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Source material: Poll books

Linked with electoral registers, poll books list the individuals who voted in elections and identify the the candidate for whom they voted. They are available for Halifax from the 1830s until the 1872 Secret Ballot Act. In addition, the Local Studies Collection located in the Central Library, Halifax, West Yorkshire, holds a few a few pre 1832 poll books for Yorkshire.


The details supplied and the layout of poll books vary from election to election. At their most detailed, however, they include:

  • The full names of voters (often in alphabetical order)
  • Their occupation/status.
  • Their place of residence.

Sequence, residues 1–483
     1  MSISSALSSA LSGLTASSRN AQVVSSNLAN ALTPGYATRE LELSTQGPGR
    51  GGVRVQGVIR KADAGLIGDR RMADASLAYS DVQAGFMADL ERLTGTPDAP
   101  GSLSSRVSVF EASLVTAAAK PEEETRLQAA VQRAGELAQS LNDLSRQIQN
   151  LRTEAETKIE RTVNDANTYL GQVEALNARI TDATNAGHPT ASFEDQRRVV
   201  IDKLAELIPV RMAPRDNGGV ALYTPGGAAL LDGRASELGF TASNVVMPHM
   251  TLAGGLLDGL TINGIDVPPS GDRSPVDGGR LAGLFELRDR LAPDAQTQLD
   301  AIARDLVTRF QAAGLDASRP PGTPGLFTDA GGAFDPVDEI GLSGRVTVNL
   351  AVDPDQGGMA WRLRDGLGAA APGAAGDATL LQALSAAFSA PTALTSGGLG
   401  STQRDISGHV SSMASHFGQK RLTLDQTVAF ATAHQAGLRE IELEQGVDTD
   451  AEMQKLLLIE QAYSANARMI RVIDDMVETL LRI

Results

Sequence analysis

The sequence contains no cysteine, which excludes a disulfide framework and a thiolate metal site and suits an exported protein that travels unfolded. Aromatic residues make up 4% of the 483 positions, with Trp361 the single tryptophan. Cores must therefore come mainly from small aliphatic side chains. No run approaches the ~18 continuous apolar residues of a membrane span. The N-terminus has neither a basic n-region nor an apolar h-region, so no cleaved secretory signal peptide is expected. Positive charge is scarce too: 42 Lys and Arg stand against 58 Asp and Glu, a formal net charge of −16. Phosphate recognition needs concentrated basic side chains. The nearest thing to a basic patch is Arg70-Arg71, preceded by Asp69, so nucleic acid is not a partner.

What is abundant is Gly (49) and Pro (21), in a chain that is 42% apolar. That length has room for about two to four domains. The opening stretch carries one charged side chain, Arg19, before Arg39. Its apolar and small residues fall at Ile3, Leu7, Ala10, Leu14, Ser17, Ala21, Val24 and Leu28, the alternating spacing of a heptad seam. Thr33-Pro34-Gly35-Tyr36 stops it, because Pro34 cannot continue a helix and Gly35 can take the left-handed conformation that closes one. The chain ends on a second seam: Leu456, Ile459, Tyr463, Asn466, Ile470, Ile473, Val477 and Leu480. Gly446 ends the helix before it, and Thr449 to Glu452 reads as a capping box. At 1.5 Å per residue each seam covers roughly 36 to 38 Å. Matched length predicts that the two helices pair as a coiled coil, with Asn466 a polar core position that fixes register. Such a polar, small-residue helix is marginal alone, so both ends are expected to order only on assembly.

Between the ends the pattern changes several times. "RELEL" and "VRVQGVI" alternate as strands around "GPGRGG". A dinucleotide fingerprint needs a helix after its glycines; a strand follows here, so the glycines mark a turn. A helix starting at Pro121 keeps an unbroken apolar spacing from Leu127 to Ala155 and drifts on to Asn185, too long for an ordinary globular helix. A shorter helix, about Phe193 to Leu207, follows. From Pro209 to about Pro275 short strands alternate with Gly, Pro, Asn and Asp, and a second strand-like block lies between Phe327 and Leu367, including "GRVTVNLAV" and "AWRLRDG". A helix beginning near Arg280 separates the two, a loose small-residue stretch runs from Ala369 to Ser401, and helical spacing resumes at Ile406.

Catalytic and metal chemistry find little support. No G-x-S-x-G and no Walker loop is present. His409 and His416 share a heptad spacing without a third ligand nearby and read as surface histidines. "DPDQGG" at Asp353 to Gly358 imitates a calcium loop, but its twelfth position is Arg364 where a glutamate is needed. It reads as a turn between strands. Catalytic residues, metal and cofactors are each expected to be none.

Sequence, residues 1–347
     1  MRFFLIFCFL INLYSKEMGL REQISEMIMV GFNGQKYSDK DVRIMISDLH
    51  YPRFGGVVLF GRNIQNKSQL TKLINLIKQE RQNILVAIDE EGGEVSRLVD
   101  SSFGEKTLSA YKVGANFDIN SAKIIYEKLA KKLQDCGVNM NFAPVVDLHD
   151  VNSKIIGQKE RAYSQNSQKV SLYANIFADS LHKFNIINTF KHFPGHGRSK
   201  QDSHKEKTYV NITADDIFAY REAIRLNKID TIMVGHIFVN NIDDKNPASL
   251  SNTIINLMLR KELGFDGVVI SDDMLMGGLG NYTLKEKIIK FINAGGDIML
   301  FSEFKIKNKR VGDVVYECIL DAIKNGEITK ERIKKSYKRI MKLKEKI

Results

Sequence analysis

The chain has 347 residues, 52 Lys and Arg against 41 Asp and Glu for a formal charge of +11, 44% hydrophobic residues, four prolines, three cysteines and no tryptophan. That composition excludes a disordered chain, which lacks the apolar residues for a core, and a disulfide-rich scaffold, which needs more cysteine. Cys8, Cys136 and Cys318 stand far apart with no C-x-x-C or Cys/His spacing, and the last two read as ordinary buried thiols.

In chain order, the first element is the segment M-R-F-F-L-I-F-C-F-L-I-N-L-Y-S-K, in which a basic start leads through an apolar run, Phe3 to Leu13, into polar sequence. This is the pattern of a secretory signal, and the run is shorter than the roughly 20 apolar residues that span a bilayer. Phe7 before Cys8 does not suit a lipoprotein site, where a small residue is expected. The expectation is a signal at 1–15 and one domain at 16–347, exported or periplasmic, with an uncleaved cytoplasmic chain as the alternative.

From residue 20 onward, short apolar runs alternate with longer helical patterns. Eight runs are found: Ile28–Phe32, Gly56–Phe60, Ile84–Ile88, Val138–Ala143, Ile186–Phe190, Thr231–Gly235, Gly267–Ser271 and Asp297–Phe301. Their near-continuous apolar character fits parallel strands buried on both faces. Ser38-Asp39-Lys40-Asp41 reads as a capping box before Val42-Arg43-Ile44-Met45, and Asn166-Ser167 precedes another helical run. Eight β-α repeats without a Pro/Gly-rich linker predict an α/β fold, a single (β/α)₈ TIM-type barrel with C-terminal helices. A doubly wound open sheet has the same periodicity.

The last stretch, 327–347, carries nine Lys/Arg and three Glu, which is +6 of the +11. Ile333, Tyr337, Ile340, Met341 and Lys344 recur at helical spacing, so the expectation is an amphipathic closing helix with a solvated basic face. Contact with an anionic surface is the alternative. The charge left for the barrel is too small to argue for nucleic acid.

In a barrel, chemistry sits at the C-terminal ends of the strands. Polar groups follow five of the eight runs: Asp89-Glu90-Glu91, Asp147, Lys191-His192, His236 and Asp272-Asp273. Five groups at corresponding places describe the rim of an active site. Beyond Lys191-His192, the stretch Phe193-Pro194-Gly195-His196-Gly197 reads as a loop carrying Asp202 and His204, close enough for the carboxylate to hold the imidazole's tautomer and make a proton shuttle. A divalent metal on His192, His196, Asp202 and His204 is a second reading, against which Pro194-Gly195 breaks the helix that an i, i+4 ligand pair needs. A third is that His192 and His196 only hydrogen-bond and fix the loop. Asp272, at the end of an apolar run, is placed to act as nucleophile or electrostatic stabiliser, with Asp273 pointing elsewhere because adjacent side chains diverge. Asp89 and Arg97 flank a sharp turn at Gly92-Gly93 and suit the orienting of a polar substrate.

• The number of the candidate for whom they voted.

Use and limitations

As well as supplying the sort of information provided by electoral registers, poll books enable the researcher to:

  • plot the voting patterns (e.g. in occupational and geographical terms)
  • work out the economic structure of the town by looking at the occupations of 'principal inhabitants'.
The main limitations are that:
  • They exclude many individuals because they are not eligible to vote.
  • They sometimes exclude occupations. Nevertheless, poll books, especially when used in conjunction with each other, are enormously useful and supplement manuscript and other printed sources.

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